Yes, it’s that easy! And by getting RDS@GSU Data Certified, you demonstrate to potential employers that you are committed to growing the data skills that they look for in hires. Last year, we awarded 92 certificates — learn more about those 92 inaugural RDS@GSU Data Certificate awardees! And here is what some of the RDS@GSU Data Certificate awardees had to say about the experience:
The certificate is a great opportunity to become a more competitive candidate while applying for a job. The workshops were very interactive.
I thought the RDS@GSU Data Certification incentivized my participation in the RDS workshops. The workshops themselves were great and it definitely helped me brush up on prior skills and knowledge.
Certification looks amazing on resumes, I also found what was covered useful to my practice of SAS & SPSS.
It is essential for me as a student majoring in Epidemiology. I will be involved in research, and the only way to answer some of the world’s health problems is making sense out of data. I’m confident this certificate will prove useful for me in getting a job. The entire program is flexible, and the materials are very helpful in understanding the course content.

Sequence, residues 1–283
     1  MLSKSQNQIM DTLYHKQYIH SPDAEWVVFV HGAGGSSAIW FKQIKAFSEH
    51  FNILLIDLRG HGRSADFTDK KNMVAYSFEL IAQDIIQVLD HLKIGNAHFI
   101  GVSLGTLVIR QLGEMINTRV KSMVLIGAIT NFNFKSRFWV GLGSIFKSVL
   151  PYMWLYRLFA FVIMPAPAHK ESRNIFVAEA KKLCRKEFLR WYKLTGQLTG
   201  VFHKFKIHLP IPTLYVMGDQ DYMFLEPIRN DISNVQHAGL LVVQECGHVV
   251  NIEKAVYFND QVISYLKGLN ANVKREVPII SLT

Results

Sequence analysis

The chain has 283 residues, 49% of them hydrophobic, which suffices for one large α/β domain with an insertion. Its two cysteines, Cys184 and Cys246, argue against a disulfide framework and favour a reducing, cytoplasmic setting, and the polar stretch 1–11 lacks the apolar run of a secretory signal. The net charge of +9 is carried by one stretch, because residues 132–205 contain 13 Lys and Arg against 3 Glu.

So, get RDS@GSU Data Certified! It’s free, and it’s worth it.
The award, which grants doctoral students with financial assistance to support their research travel, aided St. John’s travel to Hong Kong Island to conduct research on human trafficking for his dissertation. St. John’s research focuses on the concept of traffic. He has devoted time to researching automobile traffic, drug trafficking, and human trafficking. St. John hopes to propose a new way of looking at the environment through the lens of traffic.
While in Hong Kong, St. John conducted research with the University
of Hong Kong, the city library, and the Po Leung Kuk Museum.
Po Leung Kuk started as a community organization in 1878 during a time when abduction and trafficking of women and children were prevalent in Hong Kong. The organization was created to rescue the kidnapped victims. “Po Leung” translates to protection of the young and the innocent and was originally called Society for the Protection of Women and Children. Today, Po Leung Kuk serves as a charitable organization, a school, and a museum. While St. John hopes to use his research to propose a new way of looking at the environment through the lens of traffic, he is very clear on the benefit of being able to conduct this portion of his research in Hong Kong.